London, Jan 4 (IANS) An amateur astronomer is over the moon after discovering four new planets in his spare time at home.
Peter Jalowiczor, 45, has never owned a telescope but still managed to provide scientists with enough information to establish the existence of four gaseous orbs outside the solar system.
The gas worker from Rotherham in Britain's South Yorkshire has been officially named by the University of California's Lick-Carnegie Planet Search Team in the US as the co-discoverer of planets HD31253b, HD218566b, HD177830c and HD99492c, the Astrophysical Journal reported.
An overwhelmed Jalowiczor said: 'I've always been interested in astronomy and I have two science degrees, but to be one of the officially recognised finders of these planets is just...I get lost for words.'
Using just two home computers, he spent night after night analysing thousands of space measurements released by astronomers at the Santa Cruz-based university in 2005, according to the Daily Mail.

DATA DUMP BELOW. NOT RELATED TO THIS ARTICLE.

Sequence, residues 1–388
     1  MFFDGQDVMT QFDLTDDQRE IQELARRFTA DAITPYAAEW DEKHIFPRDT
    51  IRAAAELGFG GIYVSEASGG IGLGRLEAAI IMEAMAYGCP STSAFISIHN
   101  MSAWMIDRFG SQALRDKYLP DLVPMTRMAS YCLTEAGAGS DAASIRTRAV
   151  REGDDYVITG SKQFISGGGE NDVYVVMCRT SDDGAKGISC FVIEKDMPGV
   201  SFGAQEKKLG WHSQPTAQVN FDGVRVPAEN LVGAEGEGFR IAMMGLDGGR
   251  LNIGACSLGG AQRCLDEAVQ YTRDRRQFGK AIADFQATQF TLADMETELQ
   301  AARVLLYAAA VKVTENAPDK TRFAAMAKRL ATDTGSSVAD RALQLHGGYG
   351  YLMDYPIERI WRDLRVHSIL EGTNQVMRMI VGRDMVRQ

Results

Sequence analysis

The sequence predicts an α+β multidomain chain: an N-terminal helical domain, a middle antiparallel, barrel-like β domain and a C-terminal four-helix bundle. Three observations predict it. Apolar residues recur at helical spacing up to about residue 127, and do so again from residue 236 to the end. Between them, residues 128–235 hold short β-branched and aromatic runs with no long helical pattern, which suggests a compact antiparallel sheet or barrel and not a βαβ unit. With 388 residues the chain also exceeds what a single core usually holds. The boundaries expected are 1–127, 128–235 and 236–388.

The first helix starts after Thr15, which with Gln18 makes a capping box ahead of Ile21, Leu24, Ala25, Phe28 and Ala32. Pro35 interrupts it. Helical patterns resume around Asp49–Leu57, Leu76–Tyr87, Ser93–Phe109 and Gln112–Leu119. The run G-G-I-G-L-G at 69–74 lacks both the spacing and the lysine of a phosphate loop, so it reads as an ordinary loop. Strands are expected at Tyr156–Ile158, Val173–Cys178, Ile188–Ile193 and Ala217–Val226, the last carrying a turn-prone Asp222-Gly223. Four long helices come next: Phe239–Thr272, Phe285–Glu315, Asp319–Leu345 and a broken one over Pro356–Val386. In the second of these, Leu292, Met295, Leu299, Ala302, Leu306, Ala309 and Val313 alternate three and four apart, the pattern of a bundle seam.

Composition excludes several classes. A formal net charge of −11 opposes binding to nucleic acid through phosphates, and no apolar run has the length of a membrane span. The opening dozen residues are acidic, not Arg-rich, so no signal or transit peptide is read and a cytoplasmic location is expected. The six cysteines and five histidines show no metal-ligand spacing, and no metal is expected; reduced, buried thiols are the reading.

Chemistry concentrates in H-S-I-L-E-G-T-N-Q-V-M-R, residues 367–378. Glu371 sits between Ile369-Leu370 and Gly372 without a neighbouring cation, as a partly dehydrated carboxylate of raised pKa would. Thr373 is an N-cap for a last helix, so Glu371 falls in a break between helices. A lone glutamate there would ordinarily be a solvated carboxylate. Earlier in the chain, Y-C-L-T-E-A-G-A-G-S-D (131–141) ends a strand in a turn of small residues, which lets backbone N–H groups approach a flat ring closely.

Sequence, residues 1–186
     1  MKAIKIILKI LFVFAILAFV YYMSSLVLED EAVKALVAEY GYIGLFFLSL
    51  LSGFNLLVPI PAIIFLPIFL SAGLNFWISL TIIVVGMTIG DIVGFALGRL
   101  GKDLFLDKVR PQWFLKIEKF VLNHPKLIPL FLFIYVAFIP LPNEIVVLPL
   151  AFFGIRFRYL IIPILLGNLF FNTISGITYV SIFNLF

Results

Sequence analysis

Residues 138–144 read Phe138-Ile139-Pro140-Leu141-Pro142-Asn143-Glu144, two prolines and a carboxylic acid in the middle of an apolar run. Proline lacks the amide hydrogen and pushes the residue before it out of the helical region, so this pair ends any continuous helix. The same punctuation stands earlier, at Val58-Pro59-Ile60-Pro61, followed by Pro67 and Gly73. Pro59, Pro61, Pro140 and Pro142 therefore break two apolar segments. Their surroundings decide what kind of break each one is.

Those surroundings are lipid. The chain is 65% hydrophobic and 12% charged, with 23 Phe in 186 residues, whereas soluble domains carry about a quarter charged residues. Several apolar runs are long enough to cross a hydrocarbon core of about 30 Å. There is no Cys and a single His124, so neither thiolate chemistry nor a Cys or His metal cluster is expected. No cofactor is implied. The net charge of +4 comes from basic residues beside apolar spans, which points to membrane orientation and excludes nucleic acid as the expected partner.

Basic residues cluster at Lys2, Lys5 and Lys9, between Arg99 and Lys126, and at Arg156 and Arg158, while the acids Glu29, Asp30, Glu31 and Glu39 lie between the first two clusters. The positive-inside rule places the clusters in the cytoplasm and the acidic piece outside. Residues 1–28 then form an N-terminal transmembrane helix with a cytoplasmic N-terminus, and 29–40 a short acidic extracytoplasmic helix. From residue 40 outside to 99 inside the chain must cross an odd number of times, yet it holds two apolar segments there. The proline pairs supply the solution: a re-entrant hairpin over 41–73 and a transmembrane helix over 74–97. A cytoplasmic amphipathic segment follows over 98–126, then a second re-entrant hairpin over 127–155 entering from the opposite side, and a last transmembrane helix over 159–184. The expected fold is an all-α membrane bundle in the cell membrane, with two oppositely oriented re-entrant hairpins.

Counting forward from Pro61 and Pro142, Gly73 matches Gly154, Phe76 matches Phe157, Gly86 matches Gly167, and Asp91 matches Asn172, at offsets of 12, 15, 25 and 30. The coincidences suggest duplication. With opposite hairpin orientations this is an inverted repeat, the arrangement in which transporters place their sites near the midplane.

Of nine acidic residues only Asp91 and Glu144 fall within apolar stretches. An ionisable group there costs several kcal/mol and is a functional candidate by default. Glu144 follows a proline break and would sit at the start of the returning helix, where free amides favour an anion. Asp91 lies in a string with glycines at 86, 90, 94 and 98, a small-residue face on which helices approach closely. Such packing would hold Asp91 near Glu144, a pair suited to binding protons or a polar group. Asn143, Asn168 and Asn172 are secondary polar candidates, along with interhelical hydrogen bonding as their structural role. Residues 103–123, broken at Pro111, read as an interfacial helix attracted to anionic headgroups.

Experts hoped that making the data, which had been collected over decades, public would invite the possibility of amateur astronomers making findings of their own.
That's exactly what happened after Jalowiczor used up hundreds of hours of his spare time from March 2007 onwards analysing the data, working the figures and creating graphs.
Using a process called doppler spectroscopy, he pinpointed the existence of exoplanets - planets outside our solar system that are too far away to be seen on even the most powerful telescope.
The astronomer said: 'I look for faint changes in stars' behaviours that can only be caused by a planet or planets orbiting about them. Once I identify likely candidates, I send the details back to Santa Cruz.'
'Stars are incredibly far away and no telescope yet built can directly see their discs, let alone any planets going around them,' he added.